The IRS asserted a frivolous return penalty under § 6702(a), here.
The taxpayer contested the penalty in a CDP proceeding. The Tax Court held that he had properly invoked his Fifth Amendment privilege and therefore rejected the IRS's assertion of the frivolous return penalty.
Although this is a nonprecedential order, the discussion of this issue often faced by tax practitioners is very good. The issue is how does the taxpayer properly invoke his or her Fifth Amendment privilege when some information on the tax return may be potentially incriminating. In broad strokes, the taxpayer cannot assert the Fifth Amendment privilege by filing no return. Nor can he assert the privilege by filing a return with no information other than identifying information and the assertion of the Fifth Amendment claim. Rather, as I stated in the last version of my Federal Tax Crime book (footnotes omitted:
From the above, we derive the conclusion that generally, the proper way to assert the Fifth Amendment on current returns is to selectively assert it on the return in response to the line item requesting information that may be incriminating. Certainly line items on the return that require disclosure of a source of income or a type of business (as in Schedule C) might permit the assertion of the Fifth Amendment to avoid answering the question. What about the amount of the income? Any lawyer worth his or her pay can provide reasons, often tenuous, as to why putting the amount of income would be incriminating even if the Fifth Amendment is asserted as to the source. But the amount of income is usually not thought of as the quality of information that is incriminating for Fifth Amendment purposes. fnI am not sure that I picked up all nuances in this concluding statement and Youssafzaeh may be offer some nuance. So, I include here significant portions of Judge Holmes' Order because it is short, touches all the right bases, and well-stated:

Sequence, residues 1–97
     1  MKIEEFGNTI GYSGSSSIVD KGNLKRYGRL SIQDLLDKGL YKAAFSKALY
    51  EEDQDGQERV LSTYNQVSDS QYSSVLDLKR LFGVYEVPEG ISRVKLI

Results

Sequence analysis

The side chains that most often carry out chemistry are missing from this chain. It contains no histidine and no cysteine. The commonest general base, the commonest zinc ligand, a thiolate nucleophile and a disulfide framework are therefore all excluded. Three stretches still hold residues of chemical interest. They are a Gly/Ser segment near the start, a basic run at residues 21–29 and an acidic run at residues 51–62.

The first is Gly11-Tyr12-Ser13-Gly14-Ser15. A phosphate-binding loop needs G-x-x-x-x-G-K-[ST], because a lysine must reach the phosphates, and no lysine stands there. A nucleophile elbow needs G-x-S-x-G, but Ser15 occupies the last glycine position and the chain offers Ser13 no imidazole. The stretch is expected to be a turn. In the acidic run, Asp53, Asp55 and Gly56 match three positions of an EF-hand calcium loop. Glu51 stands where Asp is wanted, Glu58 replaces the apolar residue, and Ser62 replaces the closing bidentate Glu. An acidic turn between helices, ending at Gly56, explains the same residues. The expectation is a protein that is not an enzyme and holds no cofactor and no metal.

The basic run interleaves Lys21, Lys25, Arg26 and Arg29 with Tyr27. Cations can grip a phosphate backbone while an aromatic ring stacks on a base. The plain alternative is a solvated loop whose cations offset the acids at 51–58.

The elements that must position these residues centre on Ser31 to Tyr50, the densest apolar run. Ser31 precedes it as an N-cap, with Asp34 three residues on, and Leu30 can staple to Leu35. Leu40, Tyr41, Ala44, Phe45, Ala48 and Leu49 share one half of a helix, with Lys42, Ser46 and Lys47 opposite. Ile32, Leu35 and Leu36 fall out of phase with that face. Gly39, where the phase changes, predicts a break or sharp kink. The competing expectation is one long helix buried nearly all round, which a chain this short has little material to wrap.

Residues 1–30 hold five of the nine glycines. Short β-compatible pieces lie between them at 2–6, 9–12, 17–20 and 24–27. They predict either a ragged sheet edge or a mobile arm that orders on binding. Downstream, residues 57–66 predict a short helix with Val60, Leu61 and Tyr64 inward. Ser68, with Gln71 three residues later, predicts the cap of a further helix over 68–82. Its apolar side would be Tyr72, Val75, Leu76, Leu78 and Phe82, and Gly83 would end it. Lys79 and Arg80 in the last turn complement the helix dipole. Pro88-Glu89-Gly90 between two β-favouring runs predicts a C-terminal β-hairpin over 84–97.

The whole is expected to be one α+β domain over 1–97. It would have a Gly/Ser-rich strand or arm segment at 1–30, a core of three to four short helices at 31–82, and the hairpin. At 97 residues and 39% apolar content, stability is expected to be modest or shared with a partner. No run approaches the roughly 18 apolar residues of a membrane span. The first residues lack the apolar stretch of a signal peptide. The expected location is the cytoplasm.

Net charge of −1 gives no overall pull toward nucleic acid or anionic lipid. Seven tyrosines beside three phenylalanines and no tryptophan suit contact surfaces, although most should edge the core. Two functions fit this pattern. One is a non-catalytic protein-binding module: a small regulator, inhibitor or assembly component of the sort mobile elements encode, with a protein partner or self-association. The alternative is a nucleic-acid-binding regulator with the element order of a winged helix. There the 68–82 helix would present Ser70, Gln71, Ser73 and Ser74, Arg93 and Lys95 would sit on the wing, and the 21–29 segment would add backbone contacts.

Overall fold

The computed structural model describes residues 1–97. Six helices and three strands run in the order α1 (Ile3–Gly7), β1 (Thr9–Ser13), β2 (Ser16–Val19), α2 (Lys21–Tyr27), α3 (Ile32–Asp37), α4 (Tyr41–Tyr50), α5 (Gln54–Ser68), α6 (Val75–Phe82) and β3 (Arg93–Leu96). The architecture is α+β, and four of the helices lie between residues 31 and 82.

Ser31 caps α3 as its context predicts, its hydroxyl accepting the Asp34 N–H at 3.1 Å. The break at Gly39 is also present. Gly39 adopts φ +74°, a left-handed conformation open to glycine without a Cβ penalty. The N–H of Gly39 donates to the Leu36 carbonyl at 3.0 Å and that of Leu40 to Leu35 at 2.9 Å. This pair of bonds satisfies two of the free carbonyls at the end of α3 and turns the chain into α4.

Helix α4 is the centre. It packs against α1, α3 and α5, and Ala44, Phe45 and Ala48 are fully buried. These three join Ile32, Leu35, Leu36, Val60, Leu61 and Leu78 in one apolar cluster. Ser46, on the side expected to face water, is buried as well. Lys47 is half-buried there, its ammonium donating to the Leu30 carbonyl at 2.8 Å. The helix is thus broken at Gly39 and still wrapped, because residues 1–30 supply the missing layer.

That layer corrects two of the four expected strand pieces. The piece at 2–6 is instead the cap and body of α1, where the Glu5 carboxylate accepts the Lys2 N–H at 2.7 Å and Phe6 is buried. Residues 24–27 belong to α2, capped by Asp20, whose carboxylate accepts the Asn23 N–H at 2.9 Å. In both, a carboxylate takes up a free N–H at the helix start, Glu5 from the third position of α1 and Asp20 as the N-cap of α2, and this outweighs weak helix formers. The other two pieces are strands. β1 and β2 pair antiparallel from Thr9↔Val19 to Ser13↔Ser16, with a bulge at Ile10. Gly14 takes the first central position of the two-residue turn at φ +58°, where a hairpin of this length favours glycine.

fn. E.g., United States v. Goetz, 746 F.2d 705, 710 (11th Cir. 1984); United States v. Brown, 600 F.2d 248, 252 (10th Cir. 1979), cert. denied, 444 U.S. 917 (1979); United States v. Johnson, 577 F.2d 1304, 1311 (5th Cir. 1978).
The Commissioner must find three things to assess a frivolous return penalty. First, the document must purport to be a tax return. I.R.C. § 6702(a)(1). Second, the return must either omit enough information to prevent the IRS from judging "the substantial correctness of the self-assessment" or must clearly appear to be substantially incorrect. I.R.C. § 6702(a)(1)(A)-(B). Third, the taxpayer's position must be frivolous or demonstrate a desire to impede the IRS's administration of the Code. I.R.C. § 6702(a)(2)(A)-(B). We limit our review to the face of the return when deciding if the return was frivolous as a matter of law. Callahan, 130 T.C. at 51. The burden of proof is on the Commissioner when he asserts a penalty under I.R.C. § 6702. I.R.C. § 6703(a).
We can easily check factor one off the list. Youssefzadeh filed the standard Form 1040 and we have no problem saying he meant it to be his tax return (nor does the Commissioner contest this). The second factor isn't so easy, but after examining the face of the return, we ultimately hold that it contained sufficient information. The face of Youssefzadeh's return includes all of a normal return's numerical information -- he's not one of those tax protesters who fills out a return with zeroes on nearly every line. See, e.g., Lindberg v. Commissioner, 99 TCM 1273, 1277 (2010); Hill v. Commissioner, 108 TCM 12, 14 (2014). He did black out the source and amount of some interest on Schedule B, but importantly, he included the total amount of interest on line 4. There don't appear to be any other irregularities.
The Commissioner argues that he needs the missing information to determine if Youssefzadeh's return is accurate, but he fails to give any reasons why. And it's important that the standard isn't "Is the return completely correct?" but "Is the return substantially correct?" We hold that this return on these undisputed facts is -- considering that the face of the return appears to include the total amount of interest while only redacting the source of one payer.